On January 2013 (photograph taken from a different angle)
Domingo, 3 de Fevereiro de 2013
On January 2013 (photograph taken from a different angle)
Sábado, 15 de Dezembro de 2012
Sexta-feira, 7 de Dezembro de 2012
Childhood and Education
Napeir** said about the Prince: "[He had] qualities characteristic to himself: the bad were due to the lack of education he received and no men knew this better than him".
**General Charles James Napier (1782-1853): born in London, Napier fought against Napoleonic troops in Portugal and later becam British Army's Commander-in -Chief in India. His mother was one of the great-grandaughters of King Charles II.
At Brazil, little Pedro inhabited Quinta da Boa Vista Palace at São Cristóvão with his family, but he also spent his childhood between Fazenda de Santa Cruz and the Imperial Palace.
Even though Pedro was neglected by his parents, it is in fact known that Pedro was the King’s favorite son, contrary to his mother who favoured his brother Prince Miguel (she even went to live in a different Palace with her daughters and Miguel, while Pedro stayed with his father...).
It is said that during his horse rides, Pedro was indecent, drawing back the curtains of the passing carriages hoping to find a hidden beauty (for shame! :p). He was known to be a womanizer: he had several affairs with the wives of prominent officials and with many other ladies.
Though many of his romantic escapades were hidden from his family, there was one case in particular that threatened to stain the Royal Family’s honor: the Prince’s affair with a young French ballerina, Noémi Thierry which became the talk of Rio de Janeiro. Despite the gossips, the Royal Court decided to ignore the rumors till it was discovered that the danseuse française was pregnant (but the baby was a still born...). Meanwhile King João was making plans for his son’s marriage with an European Princess. The King knew if the news of Pedro’s latest “adventure” reached the European Courts, it would be harder to marry his son to a respectable House. Therefore the Heir Apparent was persuaded to end his affair. But la française became quite expensive to the Royal Family, for she received a large sum of money to go dancing elsewhere.
From the Portuguese side the man responsible for the procuration for Prince Pedro marriage with Leopoldina was the Marquis of Marialva (José Joaquim Vito de Meneses Coutinho) and on the Austrian side was Prince Clemens von Metternich.
The proxy marriage took place at St Agostinho church in Vienna. Prince Pedro was represented by the Archduke Karl Ludwig. The Archduchess and her party then departed to Florence on the 3rd of June reaching it in a fortnight. The Portuguese entourage arrived only at Livorno (or Leghorn, Tuscany – Italy) on the 24 of July…
They all departed on the 15th of August in D. João VI vessel. The Austrian ambassador, Count of Elz, also escorted the Archduchess on another vessel, the D. Sebastião. The party arrived at Rio de Janeiro on the 5th of November. At Brazil the ceremony took place at Saint Ifigénia’s church after the Prince met Leopoldina at the harbour. It is said that he was not impressed when he saw her, but he admired her intelligence.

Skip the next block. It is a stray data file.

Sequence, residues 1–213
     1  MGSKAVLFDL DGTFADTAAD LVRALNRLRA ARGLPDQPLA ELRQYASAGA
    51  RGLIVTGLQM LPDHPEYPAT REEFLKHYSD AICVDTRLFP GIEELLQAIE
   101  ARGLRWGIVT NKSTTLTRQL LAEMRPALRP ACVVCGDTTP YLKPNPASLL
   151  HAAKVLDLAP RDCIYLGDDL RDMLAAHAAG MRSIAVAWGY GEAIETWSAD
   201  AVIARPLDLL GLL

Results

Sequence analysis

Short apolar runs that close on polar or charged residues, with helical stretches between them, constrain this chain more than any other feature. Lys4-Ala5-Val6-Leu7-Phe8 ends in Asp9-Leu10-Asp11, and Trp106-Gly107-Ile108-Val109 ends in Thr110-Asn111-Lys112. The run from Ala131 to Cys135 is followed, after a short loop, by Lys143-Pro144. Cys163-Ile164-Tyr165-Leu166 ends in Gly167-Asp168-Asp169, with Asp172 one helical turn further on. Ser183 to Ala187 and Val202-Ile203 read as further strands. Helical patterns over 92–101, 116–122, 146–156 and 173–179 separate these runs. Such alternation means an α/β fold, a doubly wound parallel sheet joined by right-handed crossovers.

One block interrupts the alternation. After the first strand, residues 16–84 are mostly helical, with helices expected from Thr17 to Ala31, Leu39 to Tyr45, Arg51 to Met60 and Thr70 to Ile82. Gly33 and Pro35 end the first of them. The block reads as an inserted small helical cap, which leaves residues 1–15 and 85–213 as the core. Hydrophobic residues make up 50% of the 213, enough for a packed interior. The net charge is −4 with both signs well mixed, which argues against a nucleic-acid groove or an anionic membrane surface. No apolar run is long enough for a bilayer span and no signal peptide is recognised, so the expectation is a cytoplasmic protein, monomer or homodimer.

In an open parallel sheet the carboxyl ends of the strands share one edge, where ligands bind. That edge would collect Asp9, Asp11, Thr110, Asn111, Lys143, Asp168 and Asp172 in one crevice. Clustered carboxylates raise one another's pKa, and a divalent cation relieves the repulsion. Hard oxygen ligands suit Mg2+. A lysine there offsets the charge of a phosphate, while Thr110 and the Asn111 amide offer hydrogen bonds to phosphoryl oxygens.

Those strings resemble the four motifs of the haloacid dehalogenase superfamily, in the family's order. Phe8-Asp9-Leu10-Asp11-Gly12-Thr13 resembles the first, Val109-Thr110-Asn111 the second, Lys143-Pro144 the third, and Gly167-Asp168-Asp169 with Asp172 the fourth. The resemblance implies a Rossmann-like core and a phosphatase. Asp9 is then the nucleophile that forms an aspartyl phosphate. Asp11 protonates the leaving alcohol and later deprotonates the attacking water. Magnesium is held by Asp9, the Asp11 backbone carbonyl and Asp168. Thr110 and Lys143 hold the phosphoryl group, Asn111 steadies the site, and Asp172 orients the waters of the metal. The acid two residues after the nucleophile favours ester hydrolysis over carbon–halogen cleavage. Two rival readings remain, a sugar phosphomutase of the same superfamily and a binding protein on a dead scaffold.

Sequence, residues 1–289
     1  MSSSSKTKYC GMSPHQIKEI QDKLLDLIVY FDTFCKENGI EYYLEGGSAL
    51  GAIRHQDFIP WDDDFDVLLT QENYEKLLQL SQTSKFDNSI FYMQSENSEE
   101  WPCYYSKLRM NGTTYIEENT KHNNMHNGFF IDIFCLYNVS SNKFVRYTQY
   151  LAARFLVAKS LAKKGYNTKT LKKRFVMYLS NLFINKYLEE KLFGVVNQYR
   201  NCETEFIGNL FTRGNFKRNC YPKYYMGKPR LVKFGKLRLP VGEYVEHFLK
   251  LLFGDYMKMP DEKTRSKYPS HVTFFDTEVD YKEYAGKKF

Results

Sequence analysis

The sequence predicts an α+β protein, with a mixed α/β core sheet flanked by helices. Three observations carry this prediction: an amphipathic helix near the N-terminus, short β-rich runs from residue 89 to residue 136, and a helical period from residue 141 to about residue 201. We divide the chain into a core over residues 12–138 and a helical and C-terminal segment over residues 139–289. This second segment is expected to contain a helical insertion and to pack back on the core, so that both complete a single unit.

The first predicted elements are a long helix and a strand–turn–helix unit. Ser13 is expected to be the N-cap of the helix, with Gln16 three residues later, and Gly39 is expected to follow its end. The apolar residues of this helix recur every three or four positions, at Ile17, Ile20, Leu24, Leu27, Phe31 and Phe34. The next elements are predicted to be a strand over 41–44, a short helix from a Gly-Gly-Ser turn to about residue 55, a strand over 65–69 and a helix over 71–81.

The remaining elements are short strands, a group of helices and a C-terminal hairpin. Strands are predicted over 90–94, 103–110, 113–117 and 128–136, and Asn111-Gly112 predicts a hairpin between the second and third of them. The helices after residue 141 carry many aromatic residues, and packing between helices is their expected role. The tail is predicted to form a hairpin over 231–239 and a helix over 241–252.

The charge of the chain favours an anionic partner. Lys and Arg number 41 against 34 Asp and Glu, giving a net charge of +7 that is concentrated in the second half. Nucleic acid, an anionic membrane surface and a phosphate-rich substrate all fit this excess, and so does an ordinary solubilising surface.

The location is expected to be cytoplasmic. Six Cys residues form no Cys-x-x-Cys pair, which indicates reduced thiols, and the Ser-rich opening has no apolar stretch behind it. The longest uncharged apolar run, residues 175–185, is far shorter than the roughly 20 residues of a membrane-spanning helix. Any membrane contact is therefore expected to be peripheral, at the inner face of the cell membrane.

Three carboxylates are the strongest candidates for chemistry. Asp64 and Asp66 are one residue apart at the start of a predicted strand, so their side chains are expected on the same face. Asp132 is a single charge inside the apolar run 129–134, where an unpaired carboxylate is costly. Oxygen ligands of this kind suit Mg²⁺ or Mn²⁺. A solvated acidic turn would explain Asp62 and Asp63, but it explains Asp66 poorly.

*Created after Napoleon's defeat and signed in Paris, this Alliance was formed by Russia, Austria and Prussia.
In exchange for Leopoldina’s hand King João VI paid a dowry to her father that was so big that he had to mortgage the House of Bragança!
The couple went to live in São Cristóvão Palace. It appears that the first years of marriage were quiet and happy, despite the grotesque language that the prince used to use… At 2 o’clock the couple had dinner, at 4 they strolled together and by night he played flute while she accompanied him at the piano.
On the 4th of April 1819, the first child of the couple was born. This little princess would become Queen Maria II of Portugal. After her, six more babies were born, of which only four survived during the couple’s 9 years marriage.
Leopoldina was not aware at first of the epileptic condition of Pedro, but she was no stranger to this condition, since allegedly her brother Ferdinand was also epileptic.
On the 11th of December 1826 after violent alternating symptomatic convulsions with nervous attacks and despite the physicians’ efforts, Leopoldina died. Pedro was away on campaign and he received the news when he arrived. It is said that he was devastated but it didn't prevent him to go to the "seductive witch" (as Leopoldina reffered to Domitila on a letter to her dear sister Marie Louise) again some days after...Leopoldina was carrying a baby that also died. The cause of death was an infection due to the misscarriage.
Pedro was accused of violence against his wife. A story began to circulate, saying that the Emperor had pushed the Empress and she fell, fracturing some limbs and that she afterwards had a misscarriage due to it.
However, recent discoveries possible due to the exhumation of the body of the Empress (and that of the Emperor and his second wife, Amélie) proved that Leopoldina had no fractured bones. But it doesn't prove that Pedro didn't push her.
King of Portugal, Emperor of Brazil